Double hazard of thrombophilia and bleeding in leukemia.

Hau C. Kwaan*

*Corresponding author for this work

Research output: Contribution to journalReview articlepeer-review

35 Scopus citations


The association between thrombosis and cancer has been extensively studied since first pointed out by Trousseau in 1895. It is, however, not commonly appreciated that the incidence of thrombosis in malignant hematologic disorders is as high or even higher than in solid tumors. Thrombotic complications in acute leukemia are often overlooked because bleeding complications generally dominate the clinical picture. Yet, the patient is at risk for both. While there are many thrombogenic factors shared by both solid tumors and leukemia, many additional prothrombotic features are present in leukemia. The prothrombotic factors include hyperleukocytosis, increased expression of tissue factor and its activation in leukemic cells, and the prothrombotic adverse effects of therapeutic agents and vascular access catheters. In addition, comorbid conditions including hereditary thrombophilia, infection, endothelial cell activation by cytokines, antiphospholipid syndrome and acquired activated protein C resistance are major contributory factors. Factors that increase the bleeding risk include thrombocytopenia, disseminated intravascular coagulation, and excessive fibrinolysis, which is enhanced by increased expression of Annexin II by leukemic cells. Therapeutic approaches to both bleeding and thrombotic conditions require special considerations of these factors.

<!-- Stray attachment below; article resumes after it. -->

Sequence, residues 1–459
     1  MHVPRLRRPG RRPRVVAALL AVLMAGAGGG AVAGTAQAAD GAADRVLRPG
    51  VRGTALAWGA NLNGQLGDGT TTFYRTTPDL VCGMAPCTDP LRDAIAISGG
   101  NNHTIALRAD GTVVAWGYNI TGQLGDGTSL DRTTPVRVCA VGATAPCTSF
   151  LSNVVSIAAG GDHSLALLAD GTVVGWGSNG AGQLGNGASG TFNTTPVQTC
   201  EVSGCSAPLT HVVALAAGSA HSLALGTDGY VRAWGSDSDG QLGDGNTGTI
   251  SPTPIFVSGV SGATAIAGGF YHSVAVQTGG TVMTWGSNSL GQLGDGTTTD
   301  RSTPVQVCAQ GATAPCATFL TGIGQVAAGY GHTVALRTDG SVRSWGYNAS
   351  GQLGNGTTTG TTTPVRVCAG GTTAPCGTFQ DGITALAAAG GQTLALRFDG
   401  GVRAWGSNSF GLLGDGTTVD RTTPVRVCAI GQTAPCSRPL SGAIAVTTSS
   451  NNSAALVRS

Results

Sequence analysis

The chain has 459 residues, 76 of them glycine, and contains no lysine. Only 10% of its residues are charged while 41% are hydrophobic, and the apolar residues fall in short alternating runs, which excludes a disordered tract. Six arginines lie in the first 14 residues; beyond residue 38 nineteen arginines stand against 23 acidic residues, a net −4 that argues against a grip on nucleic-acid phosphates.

ASJC Scopus subject areas

  • Hematology


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